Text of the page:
Another free agent that has been key to the Patriots’ success is Wes Welker. While he usually doesn’t produce flashy big-gainers (his longest catch of 2010 was for 35 yards), he is unstoppable as a guy who catches the ball for 4 yards and gets 3 more after the catch every single time. He had an amazing 77 catches for first downs in 2011. When the Chiefs drafted Dexter McCluster, I think they intended him to grow into Welker’s role, but that hasn’t exactly happened. McCluster is more of a Danny Woodhead guy – the little speedster that can do the most damage coming out of the backfield in a variety of ways. I know you’ve heard me criticize a lot of the signings Pioli has made for targeting older dudes, but this is a signing that I think would make sense for the Chiefs.

With Welker and two pass-threat TEs there is a lot more that the Chiefs could do in the short and mid-range passing game. There’s a reason why Matt Cassel and Tom Brady don’t chuck it down the field very often – they’re not very good at it. When Cassel has short-range options (and time to throw), he has been very efficient. Assuming Welker only has a few productive years left, the Chiefs won’t be risking much by throwing some money at him – God forbid he take a roster spot for Jerheme Urban.

Now, you might say that taking on Welker would automatically alter the Chiefs’ offensive philosophy in ways they aren’t built to handle – their current passing game is built to feature two large, down-field WRs in Dwayne Bowe and Jonathan Baldwin – but I think this gets to one of the Chiefs’ biggest weaknesses in 2011. The way the Chiefs are currently assembled, their gameplan is extremely fragile. If either Bowe or Charles get taken out of the game – due to injury or effective defense – their hands are tied. When both are down, KC is absolutely screwed.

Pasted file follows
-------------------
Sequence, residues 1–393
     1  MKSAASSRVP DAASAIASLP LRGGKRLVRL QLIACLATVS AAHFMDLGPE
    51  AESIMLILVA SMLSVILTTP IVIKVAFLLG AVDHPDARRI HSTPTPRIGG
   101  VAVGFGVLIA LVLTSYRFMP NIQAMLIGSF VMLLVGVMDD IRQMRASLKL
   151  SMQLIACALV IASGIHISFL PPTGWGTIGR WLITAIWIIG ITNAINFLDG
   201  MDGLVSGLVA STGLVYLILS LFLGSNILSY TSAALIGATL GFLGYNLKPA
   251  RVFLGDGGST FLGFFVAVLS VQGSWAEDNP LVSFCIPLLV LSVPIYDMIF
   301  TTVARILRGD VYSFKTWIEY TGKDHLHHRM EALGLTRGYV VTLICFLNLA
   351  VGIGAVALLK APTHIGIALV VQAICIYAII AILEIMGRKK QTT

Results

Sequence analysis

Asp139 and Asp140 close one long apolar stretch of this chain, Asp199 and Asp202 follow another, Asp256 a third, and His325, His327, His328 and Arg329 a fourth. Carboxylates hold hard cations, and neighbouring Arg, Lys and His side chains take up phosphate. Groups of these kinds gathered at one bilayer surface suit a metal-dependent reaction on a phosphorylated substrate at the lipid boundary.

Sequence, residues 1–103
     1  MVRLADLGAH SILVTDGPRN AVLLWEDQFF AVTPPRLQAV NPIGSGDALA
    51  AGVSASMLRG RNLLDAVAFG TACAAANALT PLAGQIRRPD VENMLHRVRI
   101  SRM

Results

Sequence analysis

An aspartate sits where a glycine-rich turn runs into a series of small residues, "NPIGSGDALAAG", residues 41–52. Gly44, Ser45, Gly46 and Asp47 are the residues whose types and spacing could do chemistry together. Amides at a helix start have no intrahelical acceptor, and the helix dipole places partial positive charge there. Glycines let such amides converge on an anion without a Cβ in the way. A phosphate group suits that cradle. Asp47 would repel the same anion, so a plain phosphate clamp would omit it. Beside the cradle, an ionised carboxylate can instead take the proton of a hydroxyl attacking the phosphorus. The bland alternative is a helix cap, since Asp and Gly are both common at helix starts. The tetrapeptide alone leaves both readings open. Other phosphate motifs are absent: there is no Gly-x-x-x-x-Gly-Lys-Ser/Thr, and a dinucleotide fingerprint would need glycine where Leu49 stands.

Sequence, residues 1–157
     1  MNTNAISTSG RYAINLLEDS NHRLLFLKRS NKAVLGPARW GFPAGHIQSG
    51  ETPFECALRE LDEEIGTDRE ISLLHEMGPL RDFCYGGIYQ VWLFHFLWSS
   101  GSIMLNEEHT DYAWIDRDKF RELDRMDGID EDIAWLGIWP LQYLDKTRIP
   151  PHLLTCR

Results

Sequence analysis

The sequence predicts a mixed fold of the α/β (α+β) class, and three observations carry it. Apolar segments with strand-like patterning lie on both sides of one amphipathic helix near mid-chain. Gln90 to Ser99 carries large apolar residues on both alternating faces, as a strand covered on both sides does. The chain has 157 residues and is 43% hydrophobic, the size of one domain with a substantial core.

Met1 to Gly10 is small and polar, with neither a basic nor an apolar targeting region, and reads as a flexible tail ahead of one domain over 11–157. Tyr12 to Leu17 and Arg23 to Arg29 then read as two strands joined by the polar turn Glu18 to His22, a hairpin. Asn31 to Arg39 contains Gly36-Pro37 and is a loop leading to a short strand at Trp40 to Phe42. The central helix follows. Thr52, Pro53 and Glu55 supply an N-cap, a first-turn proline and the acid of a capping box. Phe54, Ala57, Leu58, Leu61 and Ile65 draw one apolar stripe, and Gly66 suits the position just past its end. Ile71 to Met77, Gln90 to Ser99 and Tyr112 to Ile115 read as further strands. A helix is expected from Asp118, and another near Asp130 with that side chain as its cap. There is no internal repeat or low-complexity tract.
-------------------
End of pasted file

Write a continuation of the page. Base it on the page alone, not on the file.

Also, at 31, I think Welker is at the point in his career where Belichick classically lets him move on. In his almost pathological fixation on hoarding resources for the future, the man in the hoodie always lets his stars walk when they become truly expensive in their thirties (Brady being the obvious exception). Meanwhile, the Chiefs have somewhere between $20-27 million in cap space, plus the carry-over from last season. Therefore, the Chiefs could potentially spend around 40 percent more on players this season.

The franchise tag numbers for wide receivers and cornerbacks are $9.4 million and $10.6 million, respectively. Meaning that to franchise either Bowe or Carr and sign the other to a long-term deal, the Chiefs will likely end up spending somewhere in the neighborhood of $17 million for the 2012 season. That leaves at least $23 million to play with.

The Chiefs’ 2012 draft picks won’t cost them more than about $10 million total for the season, so with (again, at least) $13 million left in the bank, the Chiefs can afford luxury experiments like Wes Welker.

If we’re going to go Patriots, we might as well do it right.